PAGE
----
Since (I understand) those guys don’t grow their own shells, there sure must be a lot of displaced “snail” critters around.

    Is there a central supply dump where the original owners of the shells leave them, when outgrown, to be recycled? Or perhaps the parents will their borrowed shells to the kids, anybody’s kids.

    • mday
      Posted September 5, 2012 at 2:18 pm | Permalink

      I was thinking the same thing. And, they each use multiple shells as they grow.

    • Posted September 5, 2012 at 5:27 pm | Permalink

      Soldier crabs must trade up to bigger shells as they grow, and each shell is probably used by multiple crabs. The most commonly used shell is Cittarium pica, known in the islands as a whelk. It’s the most common shell in the video. In Bermuda, the snail has gone extinct, but it is still the most popular shell among the soldier crabs, who use the fossil shells.

  5. Marella
    Posted September 5, 2012 at 1:56 pm | Permalink

    Amazing. Didn’t need the music though.

  6. MadScientist
    Posted September 5, 2012 at 1:59 pm | Permalink

    What a pity, I can’t see the huge hermit crabs. 😦

  7. Posted September 5, 2012 at 3:14 pm | Permalink

    Excellent. I agree with Marella – the music doesn’t add anything. The video is beautiful without it. The clicking claws and sliding shells are amazing, and the gentle surf is music enough.

    • Nick
      Posted September 6, 2012 at 1:32 pm | Permalink

      Ditto – the music actually detracted from the video for me and I turned it off after less than a minute. I actually watched it with the intent of hearing the clack of claws and shells across rocks.

      Perhaps someone who use Facebook can contact Simonsen and ask him to release his video without the music.

  8. Filipe
    Posted September 5, 2012 at 9:54 pm | Permalink

    _Coenobita clypeatus_, interesting animals but a bit creepy. Very cool video, and I don’t see anything wrong with adding the music.

  9. Dominic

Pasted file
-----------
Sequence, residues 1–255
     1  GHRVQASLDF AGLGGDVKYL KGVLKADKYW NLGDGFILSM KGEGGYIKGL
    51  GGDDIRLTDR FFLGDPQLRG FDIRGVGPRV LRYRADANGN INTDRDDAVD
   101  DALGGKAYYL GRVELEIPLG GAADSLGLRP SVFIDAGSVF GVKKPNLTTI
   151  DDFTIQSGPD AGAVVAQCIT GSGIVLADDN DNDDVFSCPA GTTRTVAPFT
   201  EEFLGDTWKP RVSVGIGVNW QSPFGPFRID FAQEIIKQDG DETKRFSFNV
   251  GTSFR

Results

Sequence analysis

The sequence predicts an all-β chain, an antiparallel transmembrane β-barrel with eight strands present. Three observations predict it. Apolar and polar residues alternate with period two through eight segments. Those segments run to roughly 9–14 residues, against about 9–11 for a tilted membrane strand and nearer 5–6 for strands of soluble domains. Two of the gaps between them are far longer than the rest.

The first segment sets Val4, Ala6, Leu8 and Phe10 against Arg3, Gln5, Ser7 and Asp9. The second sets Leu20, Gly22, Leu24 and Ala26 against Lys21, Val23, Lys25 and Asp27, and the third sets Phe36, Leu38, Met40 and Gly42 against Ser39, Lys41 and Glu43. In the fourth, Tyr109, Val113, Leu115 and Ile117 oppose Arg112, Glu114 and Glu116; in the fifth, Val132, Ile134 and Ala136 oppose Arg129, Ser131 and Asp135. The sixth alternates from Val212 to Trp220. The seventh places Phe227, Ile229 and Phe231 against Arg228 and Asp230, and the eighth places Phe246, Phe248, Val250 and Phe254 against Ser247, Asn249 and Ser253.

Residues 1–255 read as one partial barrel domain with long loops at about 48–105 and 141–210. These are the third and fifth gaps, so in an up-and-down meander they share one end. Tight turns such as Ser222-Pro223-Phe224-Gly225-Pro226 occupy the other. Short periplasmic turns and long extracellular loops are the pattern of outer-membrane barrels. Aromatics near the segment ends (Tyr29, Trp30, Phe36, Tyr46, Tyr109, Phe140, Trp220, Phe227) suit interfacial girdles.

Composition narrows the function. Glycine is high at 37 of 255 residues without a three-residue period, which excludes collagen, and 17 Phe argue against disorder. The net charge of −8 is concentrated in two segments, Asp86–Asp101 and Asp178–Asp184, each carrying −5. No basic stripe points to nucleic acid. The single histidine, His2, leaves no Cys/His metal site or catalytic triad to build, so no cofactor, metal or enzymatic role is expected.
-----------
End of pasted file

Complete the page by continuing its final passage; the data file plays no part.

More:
Posted September 6, 2012 at 2:03 am | Permalink

    This is an interesting example of a form of selection that does not involve mate choice, is it not? The females presumably just spawn & random males – who survive the journey – fertilize the eggs. What are the implications for genetic change? Thinking about when mate selection did or did not happen in ‘lower’ forms of life & the changes that this caused in how those creatures did or did not evolve, i.e. reach a form of stasis. Do you need sexual selection for ‘progression’? Anyone?

    • Dominic
      Posted September 6, 2012 at 2:27 am | Permalink

      Thanks to Twitter, Darren Naish points to this paper by Levitan saying there is sexual selection in mass spawners –
      The Distribution of Male and Female Reproductive Success in a Broadcast Spawning Marine Invertebrate
      http://icb.oxfordjournals.org/content/45/5/848.full

    • MAUCH
      Posted September 6, 2012 at 7:55 am | Permalink

      The eggs are fertilized by males that are tough enough to get to shoreline to do their appointed task. Think of it as a giant singles bar.

      • Dominic
        Posted September 7, 2012 at 1:53 am | Permalink

        Yes – but my point was that the male does not choose a particular female & the female does not choose a particular male. So your singles bar is one where everyone is blindfolded!

  10. Posted September 6, 2012 at 11:58 pm | Permalink

    Hey I din knew crabs looks like this also, there shells are like soldiers uniform only.
    And the video my god I havent seen so may creabs at a time..

  11. Posted December 1, 2012 at 3:21 pm | Permalink

    Good day very cool blog!! Guy .. Excellent .. Wonderful .

    . I will bookmark your site and take the feeds additionally?
    I am satisfied to find a lot of useful information right here in
    the submit, we need develop more strategies on this regard,
    thanks for sharing. . . . . .


2 Trackbacks/Pingbacks

  1. […] ermite est essentiellement une créature de la terre, mais ils ont encore des liens étroits avec l’eau et de la mer. En fait, il ne peut jamais être tout à fait loin de l’eau et résout ce problème en […]

  2. […] via Why Evolution Is True […]

%d bloggers like this: